Malawi government has cautioned that despite the successes registered through prevention from mother to child transmission (PMTCT) initiatives, HIV positive parents should not look at this as a warrant to continue bearing children.
Principal Secretary for Nutrition and HIV and Aids in the Office of the President and Cabinet Edith Mkawa said although through PMTCT children from positive parents are being born negative, parents should also look into other factors associated with raising a child before they consider having children.
“I want to caution all parents that even if the situation is like that, this should not give you a warrant to continue bearing children. You should also look at other factors associated with raising a child such as nutrition, social, health and general well-being of the child, on top of your own health,” she said.
Mkawa was speaking in Lilongwe on Thursday during the national dissemination conference of the legal and policy environment assessment report for HIV and Aids in the country.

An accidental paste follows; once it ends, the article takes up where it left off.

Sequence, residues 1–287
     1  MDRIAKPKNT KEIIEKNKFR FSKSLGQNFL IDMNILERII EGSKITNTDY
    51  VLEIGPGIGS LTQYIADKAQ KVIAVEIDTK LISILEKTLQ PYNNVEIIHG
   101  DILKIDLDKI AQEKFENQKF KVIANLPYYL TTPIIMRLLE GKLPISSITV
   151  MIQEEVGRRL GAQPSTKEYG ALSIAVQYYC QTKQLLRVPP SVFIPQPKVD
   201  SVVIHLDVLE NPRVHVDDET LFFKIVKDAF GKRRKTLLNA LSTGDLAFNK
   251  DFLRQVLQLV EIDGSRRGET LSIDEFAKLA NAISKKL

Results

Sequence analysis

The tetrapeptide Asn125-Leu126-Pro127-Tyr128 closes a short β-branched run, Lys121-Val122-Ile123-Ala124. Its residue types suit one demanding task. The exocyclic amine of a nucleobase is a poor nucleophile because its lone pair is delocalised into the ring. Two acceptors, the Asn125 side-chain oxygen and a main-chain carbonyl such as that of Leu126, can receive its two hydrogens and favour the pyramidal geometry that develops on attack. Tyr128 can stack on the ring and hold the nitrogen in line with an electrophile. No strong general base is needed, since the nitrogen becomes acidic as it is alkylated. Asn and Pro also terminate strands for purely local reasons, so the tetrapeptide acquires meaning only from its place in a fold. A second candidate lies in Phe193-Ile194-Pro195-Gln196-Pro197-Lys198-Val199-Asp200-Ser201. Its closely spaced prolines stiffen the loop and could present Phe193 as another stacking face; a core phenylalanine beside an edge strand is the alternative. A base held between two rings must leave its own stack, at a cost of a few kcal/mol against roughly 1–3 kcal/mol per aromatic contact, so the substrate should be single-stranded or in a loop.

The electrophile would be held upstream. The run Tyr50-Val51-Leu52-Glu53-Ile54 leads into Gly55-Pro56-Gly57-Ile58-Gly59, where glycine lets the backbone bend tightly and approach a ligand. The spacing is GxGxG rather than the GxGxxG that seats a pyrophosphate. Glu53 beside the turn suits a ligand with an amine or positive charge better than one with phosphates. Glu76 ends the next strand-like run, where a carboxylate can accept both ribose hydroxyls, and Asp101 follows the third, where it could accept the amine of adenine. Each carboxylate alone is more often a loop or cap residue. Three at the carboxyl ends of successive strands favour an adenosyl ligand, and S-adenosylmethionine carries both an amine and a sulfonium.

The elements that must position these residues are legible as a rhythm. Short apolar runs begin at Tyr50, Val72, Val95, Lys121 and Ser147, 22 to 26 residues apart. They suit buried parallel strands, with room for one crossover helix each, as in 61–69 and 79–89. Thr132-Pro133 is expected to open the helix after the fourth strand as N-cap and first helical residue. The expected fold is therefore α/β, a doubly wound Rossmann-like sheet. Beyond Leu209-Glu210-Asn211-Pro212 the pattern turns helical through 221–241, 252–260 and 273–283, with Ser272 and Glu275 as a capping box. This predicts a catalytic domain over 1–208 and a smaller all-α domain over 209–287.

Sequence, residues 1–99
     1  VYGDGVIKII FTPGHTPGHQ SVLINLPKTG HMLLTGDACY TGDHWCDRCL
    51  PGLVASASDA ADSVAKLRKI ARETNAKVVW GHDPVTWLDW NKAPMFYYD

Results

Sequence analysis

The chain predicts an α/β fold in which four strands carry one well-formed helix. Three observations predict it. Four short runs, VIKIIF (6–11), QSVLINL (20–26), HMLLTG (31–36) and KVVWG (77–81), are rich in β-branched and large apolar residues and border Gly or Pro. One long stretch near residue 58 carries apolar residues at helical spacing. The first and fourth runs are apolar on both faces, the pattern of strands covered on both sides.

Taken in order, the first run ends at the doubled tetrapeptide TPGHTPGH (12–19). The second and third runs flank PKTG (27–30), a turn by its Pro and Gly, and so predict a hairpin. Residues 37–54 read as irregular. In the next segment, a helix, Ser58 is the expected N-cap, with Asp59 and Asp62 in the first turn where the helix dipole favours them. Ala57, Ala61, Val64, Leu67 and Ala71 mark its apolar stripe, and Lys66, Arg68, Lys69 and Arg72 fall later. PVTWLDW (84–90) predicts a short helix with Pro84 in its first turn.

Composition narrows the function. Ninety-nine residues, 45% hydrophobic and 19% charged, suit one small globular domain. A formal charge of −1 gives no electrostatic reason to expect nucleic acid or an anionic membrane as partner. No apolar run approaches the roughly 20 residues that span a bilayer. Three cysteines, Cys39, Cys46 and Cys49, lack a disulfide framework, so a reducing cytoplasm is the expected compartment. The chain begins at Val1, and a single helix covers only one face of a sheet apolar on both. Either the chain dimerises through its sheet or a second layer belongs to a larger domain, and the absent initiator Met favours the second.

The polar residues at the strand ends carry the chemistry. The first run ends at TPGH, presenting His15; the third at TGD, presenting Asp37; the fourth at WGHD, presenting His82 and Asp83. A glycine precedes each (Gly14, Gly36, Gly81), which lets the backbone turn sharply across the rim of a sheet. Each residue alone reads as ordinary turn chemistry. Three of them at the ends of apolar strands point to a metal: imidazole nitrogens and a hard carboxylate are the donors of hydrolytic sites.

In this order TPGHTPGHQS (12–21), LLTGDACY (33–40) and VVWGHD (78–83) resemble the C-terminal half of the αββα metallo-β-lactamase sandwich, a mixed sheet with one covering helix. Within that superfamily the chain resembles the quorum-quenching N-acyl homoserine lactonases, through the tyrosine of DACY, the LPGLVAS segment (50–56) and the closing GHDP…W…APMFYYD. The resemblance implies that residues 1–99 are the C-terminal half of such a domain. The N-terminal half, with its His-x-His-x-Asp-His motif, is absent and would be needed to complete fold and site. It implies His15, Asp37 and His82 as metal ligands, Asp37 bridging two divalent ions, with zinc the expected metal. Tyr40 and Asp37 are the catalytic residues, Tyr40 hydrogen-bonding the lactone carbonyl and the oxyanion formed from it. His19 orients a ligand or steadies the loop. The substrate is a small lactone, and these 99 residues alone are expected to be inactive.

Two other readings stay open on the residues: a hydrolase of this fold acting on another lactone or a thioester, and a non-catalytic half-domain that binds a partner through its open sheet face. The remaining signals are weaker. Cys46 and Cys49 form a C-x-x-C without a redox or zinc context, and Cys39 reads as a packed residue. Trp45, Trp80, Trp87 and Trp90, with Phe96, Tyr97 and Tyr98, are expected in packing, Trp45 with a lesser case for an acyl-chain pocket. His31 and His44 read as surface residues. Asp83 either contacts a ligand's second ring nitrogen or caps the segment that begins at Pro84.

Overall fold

She added: “Personally, I will be very happy to see parents that are living positively look after their children until they complete school, get a job, marry and have their own children.”
However, Mkawa said as government, it cannot regulate whether HIV positive parents should continue having children, saying the choice is left to the concerned parents provided they are given appropriate messages.
“The message at the moment is that positive parents should seek medical attention and guidance and that the mother should be in good health,” she said.
The assessment conference followed a study on the extent to which the current laws, regulations and policies, protect and promote the rights of the people including people living with HIV and other key vulnerable populations.
The study, which also focused on vulnerable populations such as sex workers, men having sex with men (MSM), prisoners and people living with disabilities, also looked at how various laws and policies promote universal access to HIV prevention, treatment, care and support.
Among various areas, the study looked at human rights issues such as stigma, discrimination, mandatory HIV testing, challenges to access to justice and law enforcement issues and punitive laws that create barriers to the national response to HIV and Aids.
Mkawa assured the conference that government recognises the importance of promoting and protecting human rights, fundamental freedoms and human dignity for all vulnerable groups in the country.
UNDP assistant resident representative Agnes Chimbiri said her organisation decided to support the initiative after realising the gaps in the laws and policies in relation to the fight against HIV and Aids.